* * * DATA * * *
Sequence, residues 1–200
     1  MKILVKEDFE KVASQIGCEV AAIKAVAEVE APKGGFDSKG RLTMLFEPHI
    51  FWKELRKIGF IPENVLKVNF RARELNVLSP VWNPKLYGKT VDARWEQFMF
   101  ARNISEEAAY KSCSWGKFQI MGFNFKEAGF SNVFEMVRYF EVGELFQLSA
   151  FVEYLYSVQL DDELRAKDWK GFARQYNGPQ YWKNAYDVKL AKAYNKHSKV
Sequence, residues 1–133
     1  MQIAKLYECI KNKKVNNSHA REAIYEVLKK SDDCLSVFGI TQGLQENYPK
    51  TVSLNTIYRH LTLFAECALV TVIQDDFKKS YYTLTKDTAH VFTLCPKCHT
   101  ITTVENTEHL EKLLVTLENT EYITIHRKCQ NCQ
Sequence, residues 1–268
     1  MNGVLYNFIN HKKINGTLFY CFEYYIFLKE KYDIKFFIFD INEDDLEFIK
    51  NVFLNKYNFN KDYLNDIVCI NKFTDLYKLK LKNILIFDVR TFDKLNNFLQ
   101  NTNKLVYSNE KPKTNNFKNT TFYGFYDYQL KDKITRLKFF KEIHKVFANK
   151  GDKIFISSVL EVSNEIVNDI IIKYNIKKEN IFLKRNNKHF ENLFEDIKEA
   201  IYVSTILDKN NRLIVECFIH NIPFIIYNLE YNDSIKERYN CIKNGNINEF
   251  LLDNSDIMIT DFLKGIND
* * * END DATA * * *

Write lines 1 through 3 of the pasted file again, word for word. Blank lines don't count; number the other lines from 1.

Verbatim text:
Sequence, residues 1–200
     1  MKILVKEDFE KVASQIGCEV AAIKAVAEVE APKGGFDSKG RLTMLFEPHI
    51  FWKELRKIGF IPENVLKVNF RARELNVLSP VWNPKLYGKT VDARWEQFMF